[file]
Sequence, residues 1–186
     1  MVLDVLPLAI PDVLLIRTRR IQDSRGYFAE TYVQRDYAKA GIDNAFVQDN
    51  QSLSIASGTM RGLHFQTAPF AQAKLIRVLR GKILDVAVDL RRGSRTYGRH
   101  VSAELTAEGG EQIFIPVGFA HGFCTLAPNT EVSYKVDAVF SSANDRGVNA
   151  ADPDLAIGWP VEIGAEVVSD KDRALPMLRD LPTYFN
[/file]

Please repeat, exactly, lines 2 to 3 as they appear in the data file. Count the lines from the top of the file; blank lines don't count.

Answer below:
     1  MVLDVLPLAI PDVLLIRTRR IQDSRGYFAE TYVQRDYAKA GIDNAFVQDN
    51  QSLSIASGTM RGLHFQTAPF AQAKLIRVLR GKILDVAVDL RRGSRTYGRH